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University of Nottingham

Why It Matters That Dolly The Sheep's Cloned 'Sisters' Are Healthier

Daisy, Debbie, Denise and Dianna are alive and well at 9 years old.

By Grant Suneson | July 26, 2016

In 1996, Dolly the sheep became the world's first mammal cloned from an adult cell. 

Scientists fused the DNA from one sheep with an egg from another to create an embryo that eventually became Dolly.

Sadly, Dolly didn't live to see her seventh birthday because of a lung disease. She also seemed to age much quicker than an average ewe, suffering from early onset osteoarthritis and joint problems. 

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That raised concerns that cloned animals might not be as healthy as naturally born animals. However, Dolly's "sisters," Daisy, Debbie, Denise and Dianna, were cloned from the same group of cells years later and are faring much better.

They just turned 9, which is about 70 in human years. The sheep have made it more than two years longer than Dolly and don't seem to have any of the same health problems as their predecessor.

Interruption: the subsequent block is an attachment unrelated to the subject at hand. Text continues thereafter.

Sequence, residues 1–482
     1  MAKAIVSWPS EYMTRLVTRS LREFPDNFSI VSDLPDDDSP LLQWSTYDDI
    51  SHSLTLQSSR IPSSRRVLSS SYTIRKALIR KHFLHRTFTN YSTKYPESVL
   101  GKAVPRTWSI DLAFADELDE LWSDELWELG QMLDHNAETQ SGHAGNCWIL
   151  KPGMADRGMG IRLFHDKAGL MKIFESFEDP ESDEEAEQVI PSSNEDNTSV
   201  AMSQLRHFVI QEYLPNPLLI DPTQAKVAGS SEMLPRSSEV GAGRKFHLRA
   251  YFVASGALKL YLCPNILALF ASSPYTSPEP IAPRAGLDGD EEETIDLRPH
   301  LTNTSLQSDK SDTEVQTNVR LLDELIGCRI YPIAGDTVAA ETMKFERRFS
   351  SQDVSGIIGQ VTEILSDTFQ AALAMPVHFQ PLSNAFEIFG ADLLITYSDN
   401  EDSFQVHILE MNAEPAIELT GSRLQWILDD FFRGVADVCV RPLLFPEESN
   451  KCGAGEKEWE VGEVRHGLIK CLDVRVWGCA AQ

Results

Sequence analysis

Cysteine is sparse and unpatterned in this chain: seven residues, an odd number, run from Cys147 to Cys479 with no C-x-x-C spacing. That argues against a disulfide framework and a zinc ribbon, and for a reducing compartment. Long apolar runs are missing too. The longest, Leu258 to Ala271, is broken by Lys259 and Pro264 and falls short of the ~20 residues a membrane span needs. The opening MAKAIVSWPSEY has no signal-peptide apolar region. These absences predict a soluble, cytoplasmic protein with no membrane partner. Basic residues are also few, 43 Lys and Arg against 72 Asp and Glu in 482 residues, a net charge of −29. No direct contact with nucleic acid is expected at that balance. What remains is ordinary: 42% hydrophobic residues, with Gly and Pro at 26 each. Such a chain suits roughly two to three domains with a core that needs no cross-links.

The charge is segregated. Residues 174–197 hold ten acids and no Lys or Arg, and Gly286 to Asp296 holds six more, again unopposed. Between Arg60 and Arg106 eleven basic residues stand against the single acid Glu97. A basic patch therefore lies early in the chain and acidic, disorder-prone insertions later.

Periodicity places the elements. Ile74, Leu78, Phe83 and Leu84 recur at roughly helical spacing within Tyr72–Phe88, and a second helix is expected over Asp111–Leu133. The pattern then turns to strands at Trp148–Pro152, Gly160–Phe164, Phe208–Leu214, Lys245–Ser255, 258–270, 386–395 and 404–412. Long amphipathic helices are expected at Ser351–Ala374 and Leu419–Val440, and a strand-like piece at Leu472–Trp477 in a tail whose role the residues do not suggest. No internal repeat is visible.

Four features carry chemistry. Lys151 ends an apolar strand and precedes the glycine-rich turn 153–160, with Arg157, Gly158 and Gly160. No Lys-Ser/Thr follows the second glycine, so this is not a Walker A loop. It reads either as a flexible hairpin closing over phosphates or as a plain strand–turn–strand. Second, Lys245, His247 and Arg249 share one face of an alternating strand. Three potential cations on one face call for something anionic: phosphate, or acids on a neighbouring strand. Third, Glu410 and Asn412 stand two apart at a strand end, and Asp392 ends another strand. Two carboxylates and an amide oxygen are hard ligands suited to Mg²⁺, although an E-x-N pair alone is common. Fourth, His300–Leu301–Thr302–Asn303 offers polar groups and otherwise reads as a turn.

It's tough to say why the sisters are healthier than Dolly, but scientists suspect that advances in embryo development methods account for the differences.

The continued wellness of Daisy, Debbie, Denise and Dianna is a crucial milestone, not only for the scientific advancement of cloning technology, but to prove that cloning can be ethical.

It's morally important for scientists that cloned animals can lead healthy happy lives. Researcher Kevin Sinclair says weak, sickly clones would raise "serious ethical and welfare concerns about creating these animals in the first place."

The sisters are set to be put down next year at the ripe old age of 10 so their bodies can be studied further, but their contributions to the field of cloning will live on. 

This video includes clips from University of Nottingham and images from Getty Images. Music provided courtesy of APM Music.

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